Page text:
This mini tutorial is for ATC newbies. This is just a guideline to work with until you are comfortable doing them. There are really no rules for them except they be 2x5x3.5 inches in size, fit into a plastic sleeve (like baseball card sleeves - I get mine at the local comic book store), and that they be traded and not sold.
There are many ATC books out there. I recommend 2 books:
Bernie Berlin's book: http://www.amazon.com/Artist-Trading-Cards-Workshop-Collect/dp/1581808488/ref=sr_1_1/104-8295595-3596700?ie=UTF8&s=books&qid=1178404482&sr=8-1
Somerset's ATC book: http://stampington.com/html/artist_trading_cards.html
Here we go:
1 focal point or focal image
2 different backgrounds
3 embellishments maximum - counts as one if you use multiples of one thing
Remember that sometimes less is better than more.
You can click on the picts to get a larger view. Looking at the first pict, the backing for your ATC should be something sturdy like cardstock, matboard, or a piece of game board. Normally, you put your name and email on the back of each ATC.
The second picts shows my paper towel background, a piece of text paper (painted with Golden's nickel azo gold fluid acrylic), and the painted perforated paper. The text here counts as an embellishment, not as a background. I went with a similar color palette here. You don't have to do that. A lot of people like to use contrasting colors.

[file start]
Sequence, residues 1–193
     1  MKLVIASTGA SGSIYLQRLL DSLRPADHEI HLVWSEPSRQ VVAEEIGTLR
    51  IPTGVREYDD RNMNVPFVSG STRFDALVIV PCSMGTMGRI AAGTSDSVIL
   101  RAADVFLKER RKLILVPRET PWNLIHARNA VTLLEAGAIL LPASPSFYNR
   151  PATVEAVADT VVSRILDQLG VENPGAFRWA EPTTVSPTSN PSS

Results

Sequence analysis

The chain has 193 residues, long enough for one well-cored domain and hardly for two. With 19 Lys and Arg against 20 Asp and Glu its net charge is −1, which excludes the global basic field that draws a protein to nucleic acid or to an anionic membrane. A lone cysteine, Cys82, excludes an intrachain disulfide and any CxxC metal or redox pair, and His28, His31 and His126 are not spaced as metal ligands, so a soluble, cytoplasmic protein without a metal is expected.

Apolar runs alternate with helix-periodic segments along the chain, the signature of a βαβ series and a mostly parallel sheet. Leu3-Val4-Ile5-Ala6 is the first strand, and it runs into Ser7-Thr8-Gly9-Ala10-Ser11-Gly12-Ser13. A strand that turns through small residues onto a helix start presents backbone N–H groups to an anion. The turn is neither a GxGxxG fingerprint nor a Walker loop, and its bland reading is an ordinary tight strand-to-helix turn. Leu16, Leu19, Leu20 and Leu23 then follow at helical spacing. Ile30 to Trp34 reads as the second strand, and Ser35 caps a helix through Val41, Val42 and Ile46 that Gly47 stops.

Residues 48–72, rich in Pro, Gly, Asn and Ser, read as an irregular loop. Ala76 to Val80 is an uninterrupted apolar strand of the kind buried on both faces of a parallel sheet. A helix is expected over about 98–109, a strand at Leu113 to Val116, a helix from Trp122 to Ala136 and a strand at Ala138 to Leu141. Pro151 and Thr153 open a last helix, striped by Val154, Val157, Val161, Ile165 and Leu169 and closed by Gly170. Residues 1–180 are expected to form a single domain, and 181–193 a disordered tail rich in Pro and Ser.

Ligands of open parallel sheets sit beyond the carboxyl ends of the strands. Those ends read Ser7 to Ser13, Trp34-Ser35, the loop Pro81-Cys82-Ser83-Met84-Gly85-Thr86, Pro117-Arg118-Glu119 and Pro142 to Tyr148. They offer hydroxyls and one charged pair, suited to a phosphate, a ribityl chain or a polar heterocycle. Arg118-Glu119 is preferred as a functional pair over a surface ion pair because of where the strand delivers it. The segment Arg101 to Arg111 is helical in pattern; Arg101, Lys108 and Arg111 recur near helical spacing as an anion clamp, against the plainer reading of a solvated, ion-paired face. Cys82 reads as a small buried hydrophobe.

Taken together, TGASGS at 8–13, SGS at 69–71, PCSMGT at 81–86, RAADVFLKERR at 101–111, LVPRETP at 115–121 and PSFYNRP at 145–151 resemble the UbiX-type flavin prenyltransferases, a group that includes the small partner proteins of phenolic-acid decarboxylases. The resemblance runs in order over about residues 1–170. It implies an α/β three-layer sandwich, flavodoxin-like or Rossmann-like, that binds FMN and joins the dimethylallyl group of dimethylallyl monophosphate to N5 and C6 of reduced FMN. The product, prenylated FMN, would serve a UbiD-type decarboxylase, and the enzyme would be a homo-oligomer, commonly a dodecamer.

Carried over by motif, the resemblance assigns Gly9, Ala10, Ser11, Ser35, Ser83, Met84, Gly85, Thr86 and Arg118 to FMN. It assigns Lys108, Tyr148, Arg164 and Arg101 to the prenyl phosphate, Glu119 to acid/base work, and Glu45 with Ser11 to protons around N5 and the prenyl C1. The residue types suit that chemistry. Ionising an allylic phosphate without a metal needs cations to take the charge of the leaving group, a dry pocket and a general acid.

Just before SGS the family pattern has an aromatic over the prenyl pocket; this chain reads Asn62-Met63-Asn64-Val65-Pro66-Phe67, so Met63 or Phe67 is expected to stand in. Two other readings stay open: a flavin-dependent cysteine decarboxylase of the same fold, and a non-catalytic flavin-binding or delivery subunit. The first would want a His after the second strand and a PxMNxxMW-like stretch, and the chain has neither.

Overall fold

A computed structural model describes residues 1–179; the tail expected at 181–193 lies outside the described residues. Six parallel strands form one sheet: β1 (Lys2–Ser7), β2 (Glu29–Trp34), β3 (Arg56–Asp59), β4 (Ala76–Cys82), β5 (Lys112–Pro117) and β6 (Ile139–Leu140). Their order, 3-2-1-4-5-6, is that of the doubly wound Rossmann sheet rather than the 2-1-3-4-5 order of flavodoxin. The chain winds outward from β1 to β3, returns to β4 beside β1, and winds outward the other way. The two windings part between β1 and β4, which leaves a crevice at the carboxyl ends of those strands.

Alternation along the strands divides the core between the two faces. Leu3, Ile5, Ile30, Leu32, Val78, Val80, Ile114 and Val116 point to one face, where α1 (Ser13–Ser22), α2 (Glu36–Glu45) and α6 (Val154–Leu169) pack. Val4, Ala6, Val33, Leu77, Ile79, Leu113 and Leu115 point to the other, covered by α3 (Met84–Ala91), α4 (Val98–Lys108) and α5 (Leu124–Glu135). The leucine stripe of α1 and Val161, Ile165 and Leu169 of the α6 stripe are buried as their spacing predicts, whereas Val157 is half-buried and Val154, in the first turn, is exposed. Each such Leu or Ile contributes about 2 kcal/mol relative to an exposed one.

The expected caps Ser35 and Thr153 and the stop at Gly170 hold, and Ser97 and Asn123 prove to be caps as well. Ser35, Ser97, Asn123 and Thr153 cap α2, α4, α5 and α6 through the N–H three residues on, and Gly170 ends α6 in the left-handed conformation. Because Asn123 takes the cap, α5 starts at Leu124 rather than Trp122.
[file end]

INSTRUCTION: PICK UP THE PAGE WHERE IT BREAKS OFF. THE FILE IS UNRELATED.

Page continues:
I decided that I did not like the vertical orientation. That is the most common. There is nothing said that you cannot use the horizontal orientation. It depends on how I like the positioning of my elements. In the 3rd pict, I just chose any collage image that was laying around. I thought that she was very cute and a nice contrast to my background. I like my focal points to contrast with my backgrounds. Email me privately at email@example.com if you want internet resources for collage images.
So, after I did my background, I glued on my focal point and worked around her. I put up that little sign - Curious Specimen - in the upper left corner so that it would give your eye somewhere to start and to move down to the little girl. The right side was a little bare so I added some metallic eyelets with my trusty crop-a-dile. If you know me, then you know that most everything I do has something metal in it. I put little white dots around the little girl to bring her out more. The white dots were made with a Sharpie fine point poster paint pen.
So, I have one focal point - little girl, two different backgrounds - painted paper towel and painted dotty paper (perforated paper), and 3 embellishments - painted text, sign, and eyelets.
Done, done, and done. Comments welcome.